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Hope for Ferrari's workers.

Byline: By Jackie Bow South Wales Echo

Six hundred workers employed at the stricken Ferrari's Bakery company were given a glimmer of hope today.

Union officials say they are optimistic about the future of the Hiwaun-based company, which went into administration last month, after two firms have shown serious interest in the business.

And it has been revealed that should a deal be struck, not only would it mean existing jobs would be saved, but there would be the possibility of expansion.

Both companies now have until Tuesday to make an offer. Hope for bakery workers: A glimmer of hope has been given to 600 Ferrari's Bakery workers whose jobs are under threat.

Union officials are optimistic following news that two companies have expressed a serious interest in the Hirwaun-based company, which went into administration last month.

And it has been revealed that should a deal be struck not only would jobs be saved, there would be the possibility of expansion.

Ferrari's parent company Cleary Foods Ltd has blamed difficulties on a drop in sales and rising costs, made worse by a pending prosecution for 55 alleged food hygiene offences at its Bryngelli Industrial Estate headquarters in 2005. The bakery is still trading and the administrators want to sell it as a going concern.

Ferrari's workforce is spread among two manufacturing sites at Hirwaun and Swansea and 60 shops across South Wales.

Their union leaders have said that there are two potential buyers and see it as an exciting and significant development, but are tempering the news with caution for the moment.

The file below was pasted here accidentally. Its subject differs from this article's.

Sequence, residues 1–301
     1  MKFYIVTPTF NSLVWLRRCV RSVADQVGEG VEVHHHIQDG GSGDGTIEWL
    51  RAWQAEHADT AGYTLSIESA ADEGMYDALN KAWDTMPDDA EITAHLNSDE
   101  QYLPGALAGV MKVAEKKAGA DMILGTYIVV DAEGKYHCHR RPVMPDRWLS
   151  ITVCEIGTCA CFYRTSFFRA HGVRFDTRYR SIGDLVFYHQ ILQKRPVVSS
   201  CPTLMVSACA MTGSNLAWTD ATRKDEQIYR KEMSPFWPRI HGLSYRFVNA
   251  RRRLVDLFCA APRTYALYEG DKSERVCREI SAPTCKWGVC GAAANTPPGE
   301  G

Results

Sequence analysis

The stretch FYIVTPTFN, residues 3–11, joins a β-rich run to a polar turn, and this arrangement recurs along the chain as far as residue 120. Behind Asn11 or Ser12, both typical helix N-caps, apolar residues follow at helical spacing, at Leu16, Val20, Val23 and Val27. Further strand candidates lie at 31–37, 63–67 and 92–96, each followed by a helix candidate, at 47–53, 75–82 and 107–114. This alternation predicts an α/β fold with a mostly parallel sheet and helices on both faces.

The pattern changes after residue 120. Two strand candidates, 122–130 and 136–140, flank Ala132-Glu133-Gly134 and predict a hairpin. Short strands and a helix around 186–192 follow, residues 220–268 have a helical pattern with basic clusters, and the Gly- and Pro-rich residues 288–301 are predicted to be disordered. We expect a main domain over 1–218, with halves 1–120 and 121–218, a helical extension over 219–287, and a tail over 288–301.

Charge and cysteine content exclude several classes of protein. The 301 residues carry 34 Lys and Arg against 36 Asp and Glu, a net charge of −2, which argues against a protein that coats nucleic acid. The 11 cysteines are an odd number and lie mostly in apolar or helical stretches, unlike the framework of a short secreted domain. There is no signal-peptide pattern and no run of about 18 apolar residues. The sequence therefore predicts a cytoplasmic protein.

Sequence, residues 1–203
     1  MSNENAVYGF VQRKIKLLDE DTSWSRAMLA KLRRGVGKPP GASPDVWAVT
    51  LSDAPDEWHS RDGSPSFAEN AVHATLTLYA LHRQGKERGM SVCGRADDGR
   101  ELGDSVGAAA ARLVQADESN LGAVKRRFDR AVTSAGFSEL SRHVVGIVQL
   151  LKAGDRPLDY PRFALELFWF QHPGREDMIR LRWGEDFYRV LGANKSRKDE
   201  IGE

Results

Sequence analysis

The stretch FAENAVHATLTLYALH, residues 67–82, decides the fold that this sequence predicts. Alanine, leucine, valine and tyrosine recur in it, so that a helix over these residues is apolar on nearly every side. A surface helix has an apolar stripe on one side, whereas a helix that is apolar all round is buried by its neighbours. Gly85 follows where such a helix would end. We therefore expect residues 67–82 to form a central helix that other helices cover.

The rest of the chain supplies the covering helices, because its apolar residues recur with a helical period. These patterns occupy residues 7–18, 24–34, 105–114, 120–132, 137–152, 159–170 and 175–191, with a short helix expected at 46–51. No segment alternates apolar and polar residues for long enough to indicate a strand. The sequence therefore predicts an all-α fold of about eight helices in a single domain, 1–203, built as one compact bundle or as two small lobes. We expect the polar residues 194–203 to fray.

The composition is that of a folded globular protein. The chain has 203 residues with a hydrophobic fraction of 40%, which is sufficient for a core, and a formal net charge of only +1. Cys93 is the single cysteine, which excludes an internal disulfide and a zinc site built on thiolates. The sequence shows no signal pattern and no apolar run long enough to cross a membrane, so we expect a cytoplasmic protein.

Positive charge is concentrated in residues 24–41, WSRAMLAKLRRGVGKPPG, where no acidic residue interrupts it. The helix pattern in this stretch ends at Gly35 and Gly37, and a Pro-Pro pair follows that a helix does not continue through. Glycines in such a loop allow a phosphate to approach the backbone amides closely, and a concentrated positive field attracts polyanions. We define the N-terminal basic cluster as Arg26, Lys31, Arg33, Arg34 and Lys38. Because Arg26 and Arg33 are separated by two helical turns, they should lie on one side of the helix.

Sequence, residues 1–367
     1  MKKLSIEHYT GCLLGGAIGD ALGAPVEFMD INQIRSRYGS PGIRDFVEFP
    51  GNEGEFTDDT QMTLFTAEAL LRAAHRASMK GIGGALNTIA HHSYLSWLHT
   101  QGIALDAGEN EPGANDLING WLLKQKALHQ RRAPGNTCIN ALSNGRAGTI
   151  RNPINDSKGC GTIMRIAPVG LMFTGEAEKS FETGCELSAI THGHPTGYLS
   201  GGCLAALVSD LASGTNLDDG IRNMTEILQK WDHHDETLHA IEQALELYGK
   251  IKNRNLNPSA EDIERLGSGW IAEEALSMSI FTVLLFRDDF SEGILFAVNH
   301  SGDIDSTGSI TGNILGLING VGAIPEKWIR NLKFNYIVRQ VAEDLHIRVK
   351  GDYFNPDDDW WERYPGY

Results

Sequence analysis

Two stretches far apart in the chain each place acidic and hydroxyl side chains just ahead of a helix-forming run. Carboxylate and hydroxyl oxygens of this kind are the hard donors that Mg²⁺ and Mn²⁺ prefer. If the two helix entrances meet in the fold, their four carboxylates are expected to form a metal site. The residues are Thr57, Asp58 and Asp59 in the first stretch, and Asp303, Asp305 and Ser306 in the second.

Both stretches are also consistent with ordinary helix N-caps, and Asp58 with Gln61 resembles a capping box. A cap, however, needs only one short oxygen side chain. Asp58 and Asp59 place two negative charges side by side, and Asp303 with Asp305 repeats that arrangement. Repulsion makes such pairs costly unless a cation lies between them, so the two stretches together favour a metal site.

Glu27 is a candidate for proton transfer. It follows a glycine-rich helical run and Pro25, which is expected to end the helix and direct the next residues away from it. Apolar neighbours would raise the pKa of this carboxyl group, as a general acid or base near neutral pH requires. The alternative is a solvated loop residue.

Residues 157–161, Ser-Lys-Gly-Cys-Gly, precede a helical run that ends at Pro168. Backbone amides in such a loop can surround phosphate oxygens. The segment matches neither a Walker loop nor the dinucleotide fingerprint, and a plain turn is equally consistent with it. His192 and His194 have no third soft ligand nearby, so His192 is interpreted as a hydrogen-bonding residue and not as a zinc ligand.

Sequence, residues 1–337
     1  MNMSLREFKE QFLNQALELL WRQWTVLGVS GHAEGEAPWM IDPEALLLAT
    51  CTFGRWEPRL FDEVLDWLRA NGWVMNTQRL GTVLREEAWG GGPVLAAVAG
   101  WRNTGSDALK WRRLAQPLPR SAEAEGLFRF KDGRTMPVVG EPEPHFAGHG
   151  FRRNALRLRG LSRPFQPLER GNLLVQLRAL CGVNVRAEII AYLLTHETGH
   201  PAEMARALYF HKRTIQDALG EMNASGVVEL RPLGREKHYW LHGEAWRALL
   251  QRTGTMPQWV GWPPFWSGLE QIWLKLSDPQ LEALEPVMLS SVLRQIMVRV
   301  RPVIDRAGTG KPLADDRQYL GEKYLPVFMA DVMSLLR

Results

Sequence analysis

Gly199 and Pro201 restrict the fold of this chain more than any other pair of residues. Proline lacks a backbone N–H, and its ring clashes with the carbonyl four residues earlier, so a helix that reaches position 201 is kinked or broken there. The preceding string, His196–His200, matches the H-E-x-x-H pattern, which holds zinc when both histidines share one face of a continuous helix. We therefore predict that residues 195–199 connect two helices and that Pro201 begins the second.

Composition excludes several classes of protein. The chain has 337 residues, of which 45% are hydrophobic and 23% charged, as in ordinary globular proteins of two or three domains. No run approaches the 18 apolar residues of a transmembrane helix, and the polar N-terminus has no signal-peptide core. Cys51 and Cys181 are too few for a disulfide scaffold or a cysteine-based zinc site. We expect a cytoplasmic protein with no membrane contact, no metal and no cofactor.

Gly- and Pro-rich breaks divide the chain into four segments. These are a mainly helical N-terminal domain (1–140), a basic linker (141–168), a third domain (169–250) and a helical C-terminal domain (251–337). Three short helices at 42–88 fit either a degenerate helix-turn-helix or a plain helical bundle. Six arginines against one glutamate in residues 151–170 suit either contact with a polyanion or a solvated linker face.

The two companies - one from overseas - are said to be very interested in the business after visits to Hirwaun and Swansea and it is hoped they could be making an offer next week.

John James, district secretary of the Bakers', Food and Allied Workers' Union, said the administrators' deadline for offers was Tuesday. Details had been sent out to more than 60 interested parties.

'They had offers for the shops and equipment but there are two companies interested in buying the business as a going concern and expanding it, with the possibility of more jobs,' said Mr James.

'The administrators have given them time to go away and look at the information. The overseas company is very keen. They were shown around Hirwaun and Swansea on Wednesday.

'We are hopeful an offer will be put in next week. It's early days but it has given a glimmer of hope to the workforce. As soon as an offer comes and the company is sold, we can look forward to happier days.'

Mr James is meeting with administrators today and with workers to update them.
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Publication:South Wales Echo (Cardiff, Wales)
Date:Jan 26, 2007
Words:445
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